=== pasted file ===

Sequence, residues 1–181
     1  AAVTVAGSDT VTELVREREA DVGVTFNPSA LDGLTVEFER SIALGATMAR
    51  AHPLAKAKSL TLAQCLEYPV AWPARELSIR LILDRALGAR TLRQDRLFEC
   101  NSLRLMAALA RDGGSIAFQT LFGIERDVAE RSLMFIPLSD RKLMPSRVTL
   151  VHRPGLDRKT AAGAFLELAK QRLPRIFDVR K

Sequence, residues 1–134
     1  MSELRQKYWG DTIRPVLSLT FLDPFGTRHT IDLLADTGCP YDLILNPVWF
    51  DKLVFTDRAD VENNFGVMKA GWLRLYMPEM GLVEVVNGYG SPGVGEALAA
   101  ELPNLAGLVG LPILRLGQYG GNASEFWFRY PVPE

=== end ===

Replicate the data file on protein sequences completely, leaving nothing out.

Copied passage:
Sequence, residues 1–181
     1  AAVTVAGSDT VTELVREREA DVGVTFNPSA LDGLTVEFER SIALGATMAR
    51  AHPLAKAKSL TLAQCLEYPV AWPARELSIR LILDRALGAR TLRQDRLFEC
   101  NSLRLMAALA RDGGSIAFQT LFGIERDVAE RSLMFIPLSD RKLMPSRVTL
   151  VHRPGLDRKT AAGAFLELAK QRLPRIFDVR K

Sequence, residues 1–134
     1  MSELRQKYWG DTIRPVLSLT FLDPFGTRHT IDLLADTGCP YDLILNPVWF
    51  DKLVFTDRAD VENNFGVMKA GWLRLYMPEM GLVEVVNGYG SPGVGEALAA
   101  ELPNLAGLVG LPILRLGQYG GNASEFWFRY PVPE